While we are all probably very aware of the dangers of texting and cell phone use while driving, but why is this so dangerous? The problem is, the person texting while driving is not watching the road and definitely cannot react as fast. According to statistics, a person texting reacted about a second slower than even an intoxicated person. Compared to normal reaction time, for a person traveling 35 mph, this would mean traveling an extra 41 feet before reacting and stopping (MSN Auto). There is no telling what may happen in that distance, and that is only at 35 mph. For many people, that has been the difference between safety and a very serious car accident. So why is it so dangerous? It’s a distraction.

Distractions are incredibly dangerous. They cause us to not pay attention. They cause us to lose our focus. They can bring down our guard. They can result in serious disaster. This not only happens physically, it also happens spiritually. As we are traveling along as Christians, there are so many distractions. Just like driving, these distractions can cause us to lose our focus on Christ, to bring down our guard against sin, and most certainly will end in disaster if not corrected.

Back during the time of Jesus, Martha was dealing with distractions in her life as well. Luke 10:40-41 states, “But Martha was distracted with all her preparations…But the Lord answered and said to her, ‘Martha, Martha, you are worried and bothered about so many things.'” Martha was distracted by her worries. She should have been focusing on Christ, but she was too worried and bothered about so many other insignificant things.

Like Martha, we too can be distracted by our worries and many other insignificant details. It is important to remember that, compared to Christ, any of these distractions are simply insignificant. If we are not careful, we too can be distracted and ultimately choked out by the worries, riches, and other distractions of the world (Matthew 13:19). Texting while driving is not only dangerous, but it is now against the law. However, something that is far more serious is getting distracted spiritually, and this is against God’s law. Let’s not only stay focused while we are driving, but more importantly let’s make sure we stay focused spiritually. Rephrasing the beginning quote, “Say ‘Amen’ if you love Jesus; get distracted by the world if you don’t want to meet Him.”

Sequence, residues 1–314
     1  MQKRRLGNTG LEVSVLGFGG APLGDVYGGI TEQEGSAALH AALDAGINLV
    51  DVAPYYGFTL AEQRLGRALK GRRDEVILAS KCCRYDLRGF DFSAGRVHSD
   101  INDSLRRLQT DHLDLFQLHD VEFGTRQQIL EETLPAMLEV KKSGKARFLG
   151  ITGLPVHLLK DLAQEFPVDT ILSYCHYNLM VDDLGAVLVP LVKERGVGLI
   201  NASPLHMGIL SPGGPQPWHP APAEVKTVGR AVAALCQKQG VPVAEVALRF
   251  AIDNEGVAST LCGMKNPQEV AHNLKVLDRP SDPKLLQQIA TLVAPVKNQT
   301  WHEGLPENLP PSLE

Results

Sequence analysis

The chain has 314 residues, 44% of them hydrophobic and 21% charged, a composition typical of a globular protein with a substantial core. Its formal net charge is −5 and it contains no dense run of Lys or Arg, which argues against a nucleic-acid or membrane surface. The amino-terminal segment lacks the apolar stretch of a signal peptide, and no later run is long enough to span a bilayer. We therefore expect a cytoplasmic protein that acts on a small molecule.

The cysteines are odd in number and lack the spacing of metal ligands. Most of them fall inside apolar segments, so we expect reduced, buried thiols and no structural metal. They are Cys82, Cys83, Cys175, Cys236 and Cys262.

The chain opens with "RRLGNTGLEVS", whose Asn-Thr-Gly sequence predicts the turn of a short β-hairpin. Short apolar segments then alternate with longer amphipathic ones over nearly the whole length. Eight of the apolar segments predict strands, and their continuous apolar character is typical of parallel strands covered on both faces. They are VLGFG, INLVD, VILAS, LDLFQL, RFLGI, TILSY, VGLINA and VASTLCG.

–Brett Petrillo

What if Jesus should stand at the back door of the auditorium after services, shake your hand as you left, and asked you, “Do you love Me?”


Peter was a red-hot disciple. Only he had the faith to jump out of the boat and walk toward Jesus on the water (Matthew 14:29). Only Peter, single handedly, challenged the mob who came to arrest Jesus (John 18:10). Peter was the first to go into the empty tomb (John 20:6). Peter could not even wait for the boat to get to shore when he realized that Jesus was on the shore, so he jumped into the water and swims! (John 21:7). We think, “What faith! What zeal! What daring! What energy he had for Jesus!” But, when Peter got to shore Jesus asked him, “Do you love Me?” In fact, Jesus asked the question three times! (John 21:15-17). Peter was grieved. Jesus could have patted Peter on the shoulder and said, “You’re OK, everything is going to be alright, just hang in there and you’ll make it to Heaven.” But the truth was, Peter was not OK — everything was not alright, and Jesus knew it.

What if Jesus should stand at the back door of the auditorium after services, shake your hand as you left, and asked you, “Do you love Me?” How would you respond? Would you say something like, “Hey, I come to church about every Sunday!” You start to leave but He hangs on to your hand and asks a second time, “Do you love Me?” You don’t look Him in the eye, but say, “Of course I do, but there are times when other things are more important than meeting with you and my eternal family.” You try once again to leave, but He holds on to your hand and asks a third time, “Do your love Me?” Would you be a little grieved? Would you wonder why He kept asking that question, or would you already know?

There are thousands of people who enter all kinds of church buildings every week and go through precise, designated forms of worship services, but have no real love for Christ. If what they see and hear pleases them, they are satisfied and content, but love for the person of Jesus, the Son of God, does not occur to them. “These people draw near to Me with their mouth, and honor Me with their lips, but their heart is far from Me.” (Matthew 15:8). Such results in “vain worship” (verse 9). Does not Jesus teach us to pray, “Thy will be done on earth as it is in Heaven” (Matthew 6:10)? Do you think God would tolerate “vain worship” in Heaven?

You cannot love Jesus if you don’t know Him. You can’t know Him apart from the pages of the New Testament. Many know about Jesus, but don’t truly know Him. They hear a multitude of contradicting voices from which they form their own ideas, set them in concrete, and consider themselves to be saved without ever opening the New Testament. Have you ever wondered why the Holy Spirit had Paul to write: “Study to show thyself approved unto God…rightly dividing the word of truth” (2 Timothy 2:15)?

–by Toby Miller